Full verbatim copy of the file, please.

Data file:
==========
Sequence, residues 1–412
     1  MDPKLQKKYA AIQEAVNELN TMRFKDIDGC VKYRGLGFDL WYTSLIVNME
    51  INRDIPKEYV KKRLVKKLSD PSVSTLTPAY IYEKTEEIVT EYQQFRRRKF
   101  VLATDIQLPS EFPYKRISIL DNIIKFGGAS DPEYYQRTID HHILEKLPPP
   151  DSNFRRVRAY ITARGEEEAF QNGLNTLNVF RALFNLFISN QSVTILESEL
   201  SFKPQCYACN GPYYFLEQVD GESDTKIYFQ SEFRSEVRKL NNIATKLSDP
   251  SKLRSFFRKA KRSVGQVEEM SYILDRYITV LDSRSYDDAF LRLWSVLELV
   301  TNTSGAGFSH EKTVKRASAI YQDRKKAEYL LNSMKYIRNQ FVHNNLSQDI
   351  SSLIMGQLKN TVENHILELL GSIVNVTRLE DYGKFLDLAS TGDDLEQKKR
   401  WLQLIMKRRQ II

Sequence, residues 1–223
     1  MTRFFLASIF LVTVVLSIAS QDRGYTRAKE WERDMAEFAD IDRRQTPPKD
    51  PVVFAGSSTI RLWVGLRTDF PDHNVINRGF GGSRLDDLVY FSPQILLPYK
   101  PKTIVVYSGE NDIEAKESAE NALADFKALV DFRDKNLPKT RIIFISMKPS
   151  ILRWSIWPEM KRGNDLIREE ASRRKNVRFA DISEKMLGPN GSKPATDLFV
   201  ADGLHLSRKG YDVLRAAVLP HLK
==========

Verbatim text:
Sequence, residues 1–412
     1  MDPKLQKKYA AIQEAVNELN TMRFKDIDGC VKYRGLGFDL WYTSLIVNME
    51  INRDIPKEYV KKRLVKKLSD PSVSTLTPAY IYEKTEEIVT EYQQFRRRKF
   101  VLATDIQLPS EFPYKRISIL DNIIKFGGAS DPEYYQRTID HHILEKLPPP
   151  DSNFRRVRAY ITARGEEEAF QNGLNTLNVF RALFNLFISN QSVTILESEL
   201  SFKPQCYACN GPYYFLEQVD GESDTKIYFQ SEFRSEVRKL NNIATKLSDP
   251  SKLRSFFRKA KRSVGQVEEM SYILDRYITV LDSRSYDDAF LRLWSVLELV
   301  TNTSGAGFSH EKTVKRASAI YQDRKKAEYL LNSMKYIRNQ FVHNNLSQDI
   351  SSLIMGQLKN TVENHILELL GSIVNVTRLE DYGKFLDLAS TGDDLEQKKR
   401  WLQLIMKRRQ II

Sequence, residues 1–223
     1  MTRFFLASIF LVTVVLSIAS QDRGYTRAKE WERDMAEFAD IDRRQTPPKD
    51  PVVFAGSSTI RLWVGLRTDF PDHNVINRGF GGSRLDDLVY FSPQILLPYK
   101  PKTIVVYSGE NDIEAKESAE NALADFKALV DFRDKNLPKT RIIFISMKPS
   151  ILRWSIWPEM KRGNDLIREE ASRRKNVRFA DISEKMLGPN GSKPATDLFV
   201  ADGLHLSRKG YDVLRAAVLP HLK